(Ms Lewis) That is right. Certainly that would facilitate planning and also the immediate response and you are absolutely right, so many times we are running to catch up. Certainly this is a very interesting concept. Would your Government be interested in having these discussions?

  79. We will have to ask in our report. Fortunately, we do not have to have the responsibility of speaking for Her Majesty's Government on this Committee. It is a matter for colleagues, but I suspect when we come to the writing of our report it will be one of the matters that we will want to look at. Just whilst I am on this subject, frequently this Committee is talking about responses of the international community and we have the United States and we have the European Union and we have individual members of the European Union like the United Kingdom and we have one or two others such as Japan, but the world has many more countries than that. So how about other countries in the Security Council, what sort of contribution can you get either in cash or kind from Russia or China? What contribution do you get in cash and kind from rich countries like Saudi Arabia and the Gulf countries? It seems we have a situation whereby we have got a very small number of countries that seem to be carrying a disproportionate burden in this.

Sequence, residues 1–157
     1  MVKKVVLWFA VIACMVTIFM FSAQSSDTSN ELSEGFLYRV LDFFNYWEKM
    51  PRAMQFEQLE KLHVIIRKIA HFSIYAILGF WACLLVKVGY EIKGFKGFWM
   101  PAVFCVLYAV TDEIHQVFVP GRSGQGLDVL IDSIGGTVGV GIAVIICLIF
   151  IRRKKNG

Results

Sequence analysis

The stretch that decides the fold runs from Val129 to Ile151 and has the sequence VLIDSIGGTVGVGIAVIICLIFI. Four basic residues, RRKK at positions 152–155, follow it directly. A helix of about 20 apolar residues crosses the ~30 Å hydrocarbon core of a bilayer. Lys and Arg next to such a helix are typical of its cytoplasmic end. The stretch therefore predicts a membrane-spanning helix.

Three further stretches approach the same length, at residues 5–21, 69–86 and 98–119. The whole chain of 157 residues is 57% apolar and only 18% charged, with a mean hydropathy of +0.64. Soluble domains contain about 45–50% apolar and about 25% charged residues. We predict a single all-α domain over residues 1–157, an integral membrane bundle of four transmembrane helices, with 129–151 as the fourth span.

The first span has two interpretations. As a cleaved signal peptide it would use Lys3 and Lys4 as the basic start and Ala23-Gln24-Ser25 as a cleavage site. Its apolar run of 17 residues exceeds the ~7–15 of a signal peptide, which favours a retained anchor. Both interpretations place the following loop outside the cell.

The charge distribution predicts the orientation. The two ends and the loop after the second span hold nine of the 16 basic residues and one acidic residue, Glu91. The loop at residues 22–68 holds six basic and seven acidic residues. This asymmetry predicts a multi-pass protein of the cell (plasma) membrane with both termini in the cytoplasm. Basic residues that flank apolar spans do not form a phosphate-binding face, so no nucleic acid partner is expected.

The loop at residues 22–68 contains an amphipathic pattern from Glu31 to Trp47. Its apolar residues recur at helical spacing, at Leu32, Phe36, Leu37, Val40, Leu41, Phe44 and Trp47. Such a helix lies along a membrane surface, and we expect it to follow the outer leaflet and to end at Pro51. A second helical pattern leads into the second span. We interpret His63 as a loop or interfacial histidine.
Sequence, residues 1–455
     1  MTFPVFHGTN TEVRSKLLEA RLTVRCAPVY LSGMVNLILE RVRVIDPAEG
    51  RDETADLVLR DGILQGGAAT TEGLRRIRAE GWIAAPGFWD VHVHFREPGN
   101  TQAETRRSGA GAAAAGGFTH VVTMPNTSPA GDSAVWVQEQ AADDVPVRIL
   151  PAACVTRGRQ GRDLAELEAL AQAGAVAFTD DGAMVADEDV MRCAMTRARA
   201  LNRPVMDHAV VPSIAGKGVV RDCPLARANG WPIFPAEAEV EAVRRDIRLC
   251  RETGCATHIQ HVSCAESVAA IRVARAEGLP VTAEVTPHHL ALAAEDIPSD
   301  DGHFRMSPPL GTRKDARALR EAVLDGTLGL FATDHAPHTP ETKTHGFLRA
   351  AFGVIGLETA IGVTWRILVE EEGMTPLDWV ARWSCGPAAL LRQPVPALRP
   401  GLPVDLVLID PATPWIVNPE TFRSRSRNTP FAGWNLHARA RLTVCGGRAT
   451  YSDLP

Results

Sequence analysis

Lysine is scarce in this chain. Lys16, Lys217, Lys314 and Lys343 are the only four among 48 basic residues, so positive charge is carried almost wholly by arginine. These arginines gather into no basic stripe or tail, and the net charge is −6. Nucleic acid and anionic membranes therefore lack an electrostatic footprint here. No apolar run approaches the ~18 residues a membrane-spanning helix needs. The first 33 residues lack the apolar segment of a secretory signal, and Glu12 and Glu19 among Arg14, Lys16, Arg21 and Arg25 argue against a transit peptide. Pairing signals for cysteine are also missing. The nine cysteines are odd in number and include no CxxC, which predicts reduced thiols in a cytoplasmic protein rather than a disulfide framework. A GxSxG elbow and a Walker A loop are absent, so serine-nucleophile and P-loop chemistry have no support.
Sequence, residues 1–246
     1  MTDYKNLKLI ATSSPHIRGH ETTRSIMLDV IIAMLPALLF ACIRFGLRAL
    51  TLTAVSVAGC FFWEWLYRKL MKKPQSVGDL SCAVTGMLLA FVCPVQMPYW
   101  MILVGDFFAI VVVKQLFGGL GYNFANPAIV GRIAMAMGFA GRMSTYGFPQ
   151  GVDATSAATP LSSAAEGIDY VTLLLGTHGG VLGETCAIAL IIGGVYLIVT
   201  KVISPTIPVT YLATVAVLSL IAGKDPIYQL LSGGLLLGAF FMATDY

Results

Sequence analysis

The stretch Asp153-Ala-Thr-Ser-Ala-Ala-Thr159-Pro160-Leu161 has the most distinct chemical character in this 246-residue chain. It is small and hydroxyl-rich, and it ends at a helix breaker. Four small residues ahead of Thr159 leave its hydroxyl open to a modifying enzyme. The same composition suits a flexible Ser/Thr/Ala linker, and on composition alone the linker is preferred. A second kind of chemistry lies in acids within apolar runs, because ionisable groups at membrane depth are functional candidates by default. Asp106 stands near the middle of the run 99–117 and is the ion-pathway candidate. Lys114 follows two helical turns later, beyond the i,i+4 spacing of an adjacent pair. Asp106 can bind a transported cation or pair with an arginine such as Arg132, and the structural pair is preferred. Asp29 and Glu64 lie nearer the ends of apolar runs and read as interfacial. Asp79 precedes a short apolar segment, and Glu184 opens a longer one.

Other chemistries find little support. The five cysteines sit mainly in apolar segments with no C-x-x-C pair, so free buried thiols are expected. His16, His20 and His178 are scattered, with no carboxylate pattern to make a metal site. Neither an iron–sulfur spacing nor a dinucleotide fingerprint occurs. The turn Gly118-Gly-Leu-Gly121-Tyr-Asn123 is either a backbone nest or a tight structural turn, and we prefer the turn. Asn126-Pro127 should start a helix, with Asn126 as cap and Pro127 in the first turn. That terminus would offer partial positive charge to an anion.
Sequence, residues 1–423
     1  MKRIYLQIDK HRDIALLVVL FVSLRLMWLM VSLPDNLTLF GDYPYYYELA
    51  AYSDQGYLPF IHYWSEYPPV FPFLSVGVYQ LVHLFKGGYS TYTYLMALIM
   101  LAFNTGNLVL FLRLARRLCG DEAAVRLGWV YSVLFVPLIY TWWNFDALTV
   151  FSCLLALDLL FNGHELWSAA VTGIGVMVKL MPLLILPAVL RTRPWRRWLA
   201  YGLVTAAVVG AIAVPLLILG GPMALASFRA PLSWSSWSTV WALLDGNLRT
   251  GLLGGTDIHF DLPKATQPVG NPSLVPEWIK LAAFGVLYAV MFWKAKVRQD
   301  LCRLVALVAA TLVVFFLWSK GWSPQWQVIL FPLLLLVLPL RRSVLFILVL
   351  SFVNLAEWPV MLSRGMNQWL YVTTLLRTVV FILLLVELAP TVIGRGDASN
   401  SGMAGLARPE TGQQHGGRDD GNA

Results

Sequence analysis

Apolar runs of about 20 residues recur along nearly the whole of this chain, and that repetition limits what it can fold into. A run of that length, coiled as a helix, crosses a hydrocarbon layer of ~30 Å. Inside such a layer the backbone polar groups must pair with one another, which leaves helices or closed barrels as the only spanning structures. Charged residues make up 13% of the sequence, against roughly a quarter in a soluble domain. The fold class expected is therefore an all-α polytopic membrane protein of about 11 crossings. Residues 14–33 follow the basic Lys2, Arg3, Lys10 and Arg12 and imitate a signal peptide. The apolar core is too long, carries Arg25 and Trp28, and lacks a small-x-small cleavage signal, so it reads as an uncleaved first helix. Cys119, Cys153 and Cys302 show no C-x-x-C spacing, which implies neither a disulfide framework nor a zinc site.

(Ms Lewis) For this particular crisis we have had about 35 donors. The problem is that you get $50,000 from Andorra. One of the things that James Morris has focused on is the non-traditional donors. He is very keen to engage other donors. He was recently in Russia where they had pledged I forget how many tonnes of food, but this was the first time ever. The million tonnes of wheat from India as a recipient country, which is also giving for Afghanistan, is a non-traditional approach. The only issue for non-traditional donors, particularly for food in kind, for example the South African pledge of 100,000 tonnes, is how do we resource the cash to move that food and the accompanying costs that go with that? These are things he is looking very carefully at in how we can work with our cash donors to help us encourage non-traditional donors to become involved. He is looking at this very, very closely. Getting back to the Southern Africa crisis, what we are seeing is there is a lot of interest, the problem is that the contributions tend to be much much smaller than from your big donors.

1   Footnote to come? Back

2   Footnote to come? Back